As part of the CARES Act passed by congress to soften the economic impact of the global pandemic for American citizens, the Paycheck Protection Program lends to businesses trying to retain their workers. However, the implementation of the program saw hiccups. Among them, several small business owners complained of large financial institutions showing preferential treatment to larger corporations. As a result, several banded together to sue JPMorgan Chase for the bank’s handling of government backed economic assistance loans.
San Diego-based Rebecca Hyde-Edwards owns and operates the Hyde Edwards Salon & Spa. Though, since quarantine orders took effect, the salon ceased its operation. Hyde-Edwards laid off her 23 employees on March 17.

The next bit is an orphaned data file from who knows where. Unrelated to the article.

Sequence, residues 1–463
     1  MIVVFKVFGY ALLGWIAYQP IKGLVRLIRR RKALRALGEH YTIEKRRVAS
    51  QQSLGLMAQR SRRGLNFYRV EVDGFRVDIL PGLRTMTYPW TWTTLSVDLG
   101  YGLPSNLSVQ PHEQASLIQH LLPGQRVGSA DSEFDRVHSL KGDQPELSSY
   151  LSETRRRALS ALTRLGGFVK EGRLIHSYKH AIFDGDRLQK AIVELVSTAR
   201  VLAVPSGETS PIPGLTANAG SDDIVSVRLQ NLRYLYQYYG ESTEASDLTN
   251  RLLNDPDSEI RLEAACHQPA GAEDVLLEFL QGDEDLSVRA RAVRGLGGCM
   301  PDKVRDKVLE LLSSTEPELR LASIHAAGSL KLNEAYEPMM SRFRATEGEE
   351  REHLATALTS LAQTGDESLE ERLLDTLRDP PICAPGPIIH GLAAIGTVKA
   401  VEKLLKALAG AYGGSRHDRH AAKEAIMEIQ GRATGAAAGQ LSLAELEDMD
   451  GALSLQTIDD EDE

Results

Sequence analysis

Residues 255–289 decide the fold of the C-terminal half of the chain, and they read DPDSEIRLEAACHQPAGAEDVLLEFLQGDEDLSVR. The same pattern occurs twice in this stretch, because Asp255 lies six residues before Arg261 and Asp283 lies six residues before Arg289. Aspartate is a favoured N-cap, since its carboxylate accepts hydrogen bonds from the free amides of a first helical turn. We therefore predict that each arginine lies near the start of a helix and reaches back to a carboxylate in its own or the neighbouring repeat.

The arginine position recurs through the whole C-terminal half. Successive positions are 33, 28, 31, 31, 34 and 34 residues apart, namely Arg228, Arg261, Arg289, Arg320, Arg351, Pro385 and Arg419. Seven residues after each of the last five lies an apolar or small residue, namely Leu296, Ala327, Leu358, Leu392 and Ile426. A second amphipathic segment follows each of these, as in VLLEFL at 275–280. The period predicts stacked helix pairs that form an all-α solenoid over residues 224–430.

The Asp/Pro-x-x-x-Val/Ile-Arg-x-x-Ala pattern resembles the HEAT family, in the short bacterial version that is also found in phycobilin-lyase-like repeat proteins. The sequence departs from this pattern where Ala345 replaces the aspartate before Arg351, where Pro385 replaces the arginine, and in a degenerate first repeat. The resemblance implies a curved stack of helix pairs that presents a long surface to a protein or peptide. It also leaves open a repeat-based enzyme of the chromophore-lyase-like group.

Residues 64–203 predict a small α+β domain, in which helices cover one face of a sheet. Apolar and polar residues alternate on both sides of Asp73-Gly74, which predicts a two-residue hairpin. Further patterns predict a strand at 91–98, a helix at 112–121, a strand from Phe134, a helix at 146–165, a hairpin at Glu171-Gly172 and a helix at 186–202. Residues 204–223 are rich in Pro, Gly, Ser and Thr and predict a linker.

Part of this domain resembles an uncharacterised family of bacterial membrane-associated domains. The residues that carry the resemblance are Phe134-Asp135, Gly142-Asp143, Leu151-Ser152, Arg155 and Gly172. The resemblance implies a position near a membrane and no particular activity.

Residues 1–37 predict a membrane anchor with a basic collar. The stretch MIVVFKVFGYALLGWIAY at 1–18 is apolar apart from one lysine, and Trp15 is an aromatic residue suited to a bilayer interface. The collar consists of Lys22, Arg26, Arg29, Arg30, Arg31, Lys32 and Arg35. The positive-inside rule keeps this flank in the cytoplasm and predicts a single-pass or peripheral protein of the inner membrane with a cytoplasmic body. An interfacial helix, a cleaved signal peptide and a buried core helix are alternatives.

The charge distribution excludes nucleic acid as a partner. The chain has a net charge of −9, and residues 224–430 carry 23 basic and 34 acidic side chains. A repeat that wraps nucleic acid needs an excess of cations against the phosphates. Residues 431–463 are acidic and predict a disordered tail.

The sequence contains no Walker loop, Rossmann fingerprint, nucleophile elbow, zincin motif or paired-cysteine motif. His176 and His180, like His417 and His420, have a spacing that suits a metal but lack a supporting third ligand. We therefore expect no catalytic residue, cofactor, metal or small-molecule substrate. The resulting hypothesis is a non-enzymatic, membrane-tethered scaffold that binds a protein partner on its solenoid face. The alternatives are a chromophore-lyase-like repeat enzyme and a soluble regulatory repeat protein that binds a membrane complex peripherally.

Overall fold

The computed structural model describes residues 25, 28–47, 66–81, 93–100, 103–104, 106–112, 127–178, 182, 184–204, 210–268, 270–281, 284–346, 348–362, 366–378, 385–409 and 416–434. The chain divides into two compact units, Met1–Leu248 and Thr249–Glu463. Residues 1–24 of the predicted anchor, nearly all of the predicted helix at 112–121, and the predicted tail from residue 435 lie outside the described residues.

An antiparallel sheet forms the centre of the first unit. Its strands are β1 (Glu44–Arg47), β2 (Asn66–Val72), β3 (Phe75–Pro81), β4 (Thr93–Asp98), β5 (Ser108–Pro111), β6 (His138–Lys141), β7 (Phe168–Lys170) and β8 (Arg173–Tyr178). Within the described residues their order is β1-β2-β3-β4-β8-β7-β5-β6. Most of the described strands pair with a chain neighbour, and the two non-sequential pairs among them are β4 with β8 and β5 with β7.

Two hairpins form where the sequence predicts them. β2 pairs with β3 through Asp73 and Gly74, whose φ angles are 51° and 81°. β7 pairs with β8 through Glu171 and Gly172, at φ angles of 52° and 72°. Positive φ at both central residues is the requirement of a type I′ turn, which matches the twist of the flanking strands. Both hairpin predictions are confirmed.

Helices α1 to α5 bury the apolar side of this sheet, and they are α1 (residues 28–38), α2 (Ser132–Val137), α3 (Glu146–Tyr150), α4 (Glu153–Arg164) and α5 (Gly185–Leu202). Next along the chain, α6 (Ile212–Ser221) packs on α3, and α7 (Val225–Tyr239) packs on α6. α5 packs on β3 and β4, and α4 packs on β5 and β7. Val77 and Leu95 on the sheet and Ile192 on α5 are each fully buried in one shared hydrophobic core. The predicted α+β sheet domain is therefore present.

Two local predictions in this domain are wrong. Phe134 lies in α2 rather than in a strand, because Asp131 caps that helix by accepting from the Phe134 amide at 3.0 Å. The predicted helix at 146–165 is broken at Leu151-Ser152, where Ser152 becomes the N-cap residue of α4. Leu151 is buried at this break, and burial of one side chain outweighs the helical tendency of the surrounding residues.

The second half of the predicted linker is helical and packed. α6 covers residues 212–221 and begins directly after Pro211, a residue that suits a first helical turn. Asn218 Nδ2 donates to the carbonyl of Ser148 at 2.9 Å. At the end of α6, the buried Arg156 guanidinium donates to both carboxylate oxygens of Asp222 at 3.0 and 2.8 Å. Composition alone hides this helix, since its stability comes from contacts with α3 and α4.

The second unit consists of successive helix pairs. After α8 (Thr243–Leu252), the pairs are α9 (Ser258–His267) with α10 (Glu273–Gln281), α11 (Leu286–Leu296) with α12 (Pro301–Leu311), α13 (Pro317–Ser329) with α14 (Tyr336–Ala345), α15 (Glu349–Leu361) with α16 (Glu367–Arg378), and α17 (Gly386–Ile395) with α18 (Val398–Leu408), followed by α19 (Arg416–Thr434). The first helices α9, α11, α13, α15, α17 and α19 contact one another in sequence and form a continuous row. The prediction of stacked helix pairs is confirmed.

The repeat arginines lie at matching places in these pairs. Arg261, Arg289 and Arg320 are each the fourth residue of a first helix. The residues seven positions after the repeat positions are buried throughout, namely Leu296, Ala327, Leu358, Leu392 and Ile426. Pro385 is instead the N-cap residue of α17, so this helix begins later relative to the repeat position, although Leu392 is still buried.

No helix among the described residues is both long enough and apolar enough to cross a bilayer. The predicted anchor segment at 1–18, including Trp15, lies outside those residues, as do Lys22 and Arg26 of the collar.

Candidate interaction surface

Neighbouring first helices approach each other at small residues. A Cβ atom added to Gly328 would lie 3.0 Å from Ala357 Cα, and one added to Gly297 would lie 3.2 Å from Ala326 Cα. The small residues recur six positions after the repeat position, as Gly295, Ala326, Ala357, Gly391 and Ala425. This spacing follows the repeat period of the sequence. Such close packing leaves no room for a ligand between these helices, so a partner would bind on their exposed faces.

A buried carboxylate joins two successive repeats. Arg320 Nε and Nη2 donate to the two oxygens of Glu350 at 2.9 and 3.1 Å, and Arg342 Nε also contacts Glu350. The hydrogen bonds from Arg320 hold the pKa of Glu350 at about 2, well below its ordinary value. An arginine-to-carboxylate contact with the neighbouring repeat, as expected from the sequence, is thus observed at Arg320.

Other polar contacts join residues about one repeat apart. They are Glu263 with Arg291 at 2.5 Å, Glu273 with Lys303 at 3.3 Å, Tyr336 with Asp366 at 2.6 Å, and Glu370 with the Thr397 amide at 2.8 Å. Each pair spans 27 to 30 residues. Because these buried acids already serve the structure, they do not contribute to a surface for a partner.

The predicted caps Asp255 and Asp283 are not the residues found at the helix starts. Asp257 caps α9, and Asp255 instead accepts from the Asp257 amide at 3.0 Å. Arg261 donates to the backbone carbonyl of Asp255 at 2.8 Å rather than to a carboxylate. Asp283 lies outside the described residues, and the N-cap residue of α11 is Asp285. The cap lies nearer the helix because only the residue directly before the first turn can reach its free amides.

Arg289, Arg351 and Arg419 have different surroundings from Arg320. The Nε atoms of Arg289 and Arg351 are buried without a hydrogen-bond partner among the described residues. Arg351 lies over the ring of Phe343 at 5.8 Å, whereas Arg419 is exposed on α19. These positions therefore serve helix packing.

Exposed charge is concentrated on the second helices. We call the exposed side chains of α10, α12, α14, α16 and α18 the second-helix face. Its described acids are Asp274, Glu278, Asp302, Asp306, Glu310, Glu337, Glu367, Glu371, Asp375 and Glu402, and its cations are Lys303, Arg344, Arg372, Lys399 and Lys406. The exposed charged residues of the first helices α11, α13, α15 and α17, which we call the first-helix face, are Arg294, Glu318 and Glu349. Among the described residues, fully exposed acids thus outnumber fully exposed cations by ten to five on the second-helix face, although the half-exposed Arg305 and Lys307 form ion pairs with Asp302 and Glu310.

Then, she went and filed for a PPP loan through Chase, her usual bank. Shortly thereafter, she was told the money had run out.
This frustrated her because she discovered Chase issued loans to several large companies to the tune of tens of millions of dollars.
Lawsuit Alleges Chase Prioritized Big Loans Over Small Businesses
Among those Chase lent millions to, Shake Shack, Potbelly Sandwich Shop, and Texas Taco Cabana all received $10 million each. Ruth’s Chris Steakhouse received double, a loan of $20 million.
The class action alleges Chase misled and made false representations and omissions in the processing of smaller loans. “Defendants prioritized the processing of larger loans over smaller loans and loans for which Defendants risked greater exposure in the event of a business failure,” the lawsuit reads.
Despite a second round of stimulus offering her another chance at a loan through Chase, Hyde-Edwards believes in the principal of the lawsuit. “This isn’t about blame, this is about accountability and about doing the right thing,” she said.
Chase responded to NBC 7’s request for comment with information regarding recipients of their PPP loans. They said half of their loans were less than $100,000 and 60 percent went to businesses with fewer than 25 employees.